Growing up, I had the concept of stretching drummed into my head with every sport I did. I still believe it's a good idea, but not the way it was promoted thirty years ago.
Dumbbells are the perfect tool for the type of stretching I now prefer, especially for ballistic movements. As a Master's Age lifter, otherwise known as an old guy lifter, I have found this method to be essential, if I don't want ruin my next workout. I call these Dumbbell Flex Reps. I first learned this technique as a part of my lower body training, working with Fred Lowe, but I have really expanded it. I now do some sort of Flex Rep training with every workout.
I don't have time for marathon training sessions. Instead of doing endless stretching, like some aging athletes, I abbreviated my warm-up period, with actual training. As regular readers know, for almost seven years I have used the Indian Clubs at the beginning of every workout, instead of much of the early stretching I used to do. I may do more Indian Club work in the workout, but I always to some at the beginning. The Flex Reps have eliminated most of the rest of my stretching, as well as some of the explosive movement warm-up sets.
This is really a simple method. It is based on using a full range of motion in the movement, so barbells and kettlebells are not your best tool for the job. In many exercises, barbells and kettlebells cut the actual range of motion or leverage force factor, compared to a dumbbell. You will need to have a variety of dumbbells. They do not need to be huge, as I never use more than 60% of my 1 rep max in a related lift. In fact, depending on the movement, I may only use 30-40%. If you have an entire rack of dumbbells, good for you. I generally prefer adjustable dumbbells, but I do have a job specific selection. A nice pair of rotating Olympic Dumbbells and a couple pair of adjustable standard size dumbbells will do the job. However, I am not a fan of the Standard Spin-Lock Dumbbell Bars with the threaded rod. The collars always come loose, resulting in floppy plates. Always make sure to use decent collars on dumbbells.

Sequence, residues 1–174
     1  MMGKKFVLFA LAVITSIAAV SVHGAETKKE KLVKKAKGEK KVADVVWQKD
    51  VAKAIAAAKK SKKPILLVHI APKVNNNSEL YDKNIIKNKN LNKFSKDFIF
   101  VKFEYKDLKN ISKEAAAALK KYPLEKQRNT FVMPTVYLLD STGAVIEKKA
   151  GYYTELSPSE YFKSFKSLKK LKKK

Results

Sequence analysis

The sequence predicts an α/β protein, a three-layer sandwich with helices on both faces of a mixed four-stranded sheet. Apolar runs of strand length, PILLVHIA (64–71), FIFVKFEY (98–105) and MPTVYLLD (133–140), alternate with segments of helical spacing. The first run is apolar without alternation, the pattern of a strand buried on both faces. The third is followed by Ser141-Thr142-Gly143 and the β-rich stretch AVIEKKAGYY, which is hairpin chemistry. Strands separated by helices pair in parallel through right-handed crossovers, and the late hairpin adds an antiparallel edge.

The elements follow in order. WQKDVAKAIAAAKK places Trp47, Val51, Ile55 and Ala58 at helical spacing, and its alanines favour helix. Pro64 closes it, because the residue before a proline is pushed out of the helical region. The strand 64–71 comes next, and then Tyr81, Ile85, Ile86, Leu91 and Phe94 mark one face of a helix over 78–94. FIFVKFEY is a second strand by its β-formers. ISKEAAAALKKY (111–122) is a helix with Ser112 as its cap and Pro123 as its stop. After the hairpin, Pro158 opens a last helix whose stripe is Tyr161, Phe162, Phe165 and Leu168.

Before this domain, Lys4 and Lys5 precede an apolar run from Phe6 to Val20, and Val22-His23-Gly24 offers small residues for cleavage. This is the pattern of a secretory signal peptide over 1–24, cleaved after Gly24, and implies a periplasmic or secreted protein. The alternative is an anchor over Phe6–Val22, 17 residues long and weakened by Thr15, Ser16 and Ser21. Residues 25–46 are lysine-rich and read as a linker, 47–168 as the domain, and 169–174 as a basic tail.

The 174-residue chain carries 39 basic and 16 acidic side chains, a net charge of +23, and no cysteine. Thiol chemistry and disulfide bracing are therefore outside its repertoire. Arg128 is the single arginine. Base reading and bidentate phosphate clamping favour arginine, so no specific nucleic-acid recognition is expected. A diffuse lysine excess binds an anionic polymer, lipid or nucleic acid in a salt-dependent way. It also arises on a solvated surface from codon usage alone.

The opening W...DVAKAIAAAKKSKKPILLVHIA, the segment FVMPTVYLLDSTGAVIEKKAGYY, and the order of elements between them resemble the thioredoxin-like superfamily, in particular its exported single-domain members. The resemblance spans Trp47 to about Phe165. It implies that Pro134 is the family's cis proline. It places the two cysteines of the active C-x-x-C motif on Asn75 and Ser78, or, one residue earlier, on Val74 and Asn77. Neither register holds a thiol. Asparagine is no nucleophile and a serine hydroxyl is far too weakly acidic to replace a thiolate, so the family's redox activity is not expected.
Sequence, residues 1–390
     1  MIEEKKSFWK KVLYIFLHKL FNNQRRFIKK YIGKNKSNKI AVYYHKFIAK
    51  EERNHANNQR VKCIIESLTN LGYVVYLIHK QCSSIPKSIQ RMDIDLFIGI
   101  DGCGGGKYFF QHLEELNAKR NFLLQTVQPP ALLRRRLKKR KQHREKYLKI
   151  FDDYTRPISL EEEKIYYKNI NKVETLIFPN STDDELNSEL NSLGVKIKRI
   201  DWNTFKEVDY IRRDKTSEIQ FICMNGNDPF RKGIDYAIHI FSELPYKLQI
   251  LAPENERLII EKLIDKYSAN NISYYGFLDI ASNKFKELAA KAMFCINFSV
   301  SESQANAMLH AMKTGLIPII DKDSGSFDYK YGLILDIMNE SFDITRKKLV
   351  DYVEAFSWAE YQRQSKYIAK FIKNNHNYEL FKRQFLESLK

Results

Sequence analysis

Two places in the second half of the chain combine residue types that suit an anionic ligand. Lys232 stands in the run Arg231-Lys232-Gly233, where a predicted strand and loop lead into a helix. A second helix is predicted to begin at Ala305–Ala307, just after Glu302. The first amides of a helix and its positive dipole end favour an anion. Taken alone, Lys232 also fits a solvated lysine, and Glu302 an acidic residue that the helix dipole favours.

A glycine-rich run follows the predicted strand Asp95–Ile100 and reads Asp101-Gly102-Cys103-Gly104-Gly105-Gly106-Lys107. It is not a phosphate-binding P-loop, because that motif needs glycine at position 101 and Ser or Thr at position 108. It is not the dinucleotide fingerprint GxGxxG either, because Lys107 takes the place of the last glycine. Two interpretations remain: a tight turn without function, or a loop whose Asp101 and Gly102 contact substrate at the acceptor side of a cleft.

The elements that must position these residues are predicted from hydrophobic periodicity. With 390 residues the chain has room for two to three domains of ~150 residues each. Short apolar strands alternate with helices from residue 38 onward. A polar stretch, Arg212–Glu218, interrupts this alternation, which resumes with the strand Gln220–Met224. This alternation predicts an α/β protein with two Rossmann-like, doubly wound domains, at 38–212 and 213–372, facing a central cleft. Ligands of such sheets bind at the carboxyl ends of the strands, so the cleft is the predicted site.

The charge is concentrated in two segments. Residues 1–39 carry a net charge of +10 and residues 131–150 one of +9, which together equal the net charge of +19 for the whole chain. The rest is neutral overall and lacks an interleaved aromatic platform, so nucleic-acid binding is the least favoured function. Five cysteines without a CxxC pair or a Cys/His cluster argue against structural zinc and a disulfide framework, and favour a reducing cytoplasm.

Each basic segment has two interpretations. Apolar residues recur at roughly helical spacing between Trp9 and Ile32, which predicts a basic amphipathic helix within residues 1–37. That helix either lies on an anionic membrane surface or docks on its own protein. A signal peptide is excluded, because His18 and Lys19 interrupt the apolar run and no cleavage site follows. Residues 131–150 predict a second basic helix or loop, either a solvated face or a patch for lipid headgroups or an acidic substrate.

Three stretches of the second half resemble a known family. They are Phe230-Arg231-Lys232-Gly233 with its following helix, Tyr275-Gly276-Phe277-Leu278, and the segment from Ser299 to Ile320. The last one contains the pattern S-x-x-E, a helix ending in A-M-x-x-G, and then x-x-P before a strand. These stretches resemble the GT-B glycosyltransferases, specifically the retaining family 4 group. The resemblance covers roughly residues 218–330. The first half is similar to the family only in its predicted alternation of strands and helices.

This is what you do. As you move through the range of motion for that movement, you continuously flex. Sounds simple. Now try it.
As an example of actual training, think of the overhead barbell squat, which has a snatch grip. I used to do a ton of work stretching with a broom stick, easily taking up 5-7 minutes. Today, I will do a variety of dumbbell curls Flex Repped, and maybe 30 seconds with the broom stick. It also allows me to skip some of the “warm-up” sets and move into the heavier weight faster. I kill two birds with one stone. I am getting in some biceps training and prepping for the compound movement.
When I am getting ready to do one hand movements, like a one hand dumbbell swing or one hand dumbbell snatch, I do a similar routine for my shoulders and forearms. My preferred dumbbell of those small muscles is a rotating Olympic Dumbbell Handle. Nobody doubts using one for the one hand dumbbell snatch, for the same reason you use it for the shoulder and forearm warm-ups. You do not want jerkiness. The entire Flex Rep needs to be smooth.
Try it for yourself. I wish I had been doing this method when I was in my twenties, because half a lifetime later, it is fantastic.
All the best,
“Today is a good day to lift.”
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